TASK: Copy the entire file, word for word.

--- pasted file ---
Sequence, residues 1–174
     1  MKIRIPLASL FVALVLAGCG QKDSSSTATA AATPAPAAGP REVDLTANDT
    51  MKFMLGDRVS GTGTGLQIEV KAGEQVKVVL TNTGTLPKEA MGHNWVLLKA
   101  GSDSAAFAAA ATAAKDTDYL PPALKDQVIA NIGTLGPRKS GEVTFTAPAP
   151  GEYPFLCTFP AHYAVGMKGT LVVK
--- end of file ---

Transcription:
Sequence, residues 1–174
     1  MKIRIPLASL FVALVLAGCG QKDSSSTATA AATPAPAAGP REVDLTANDT
    51  MKFMLGDRVS GTGTGLQIEV KAGEQVKVVL TNTGTLPKEA MGHNWVLLKA
   101  GSDSAAFAAA ATAAKDTDYL PPALKDQVIA NIGTLGPRKS GEVTFTAPAP
   151  GEYPFLCTFP AHYAVGMKGT LVVK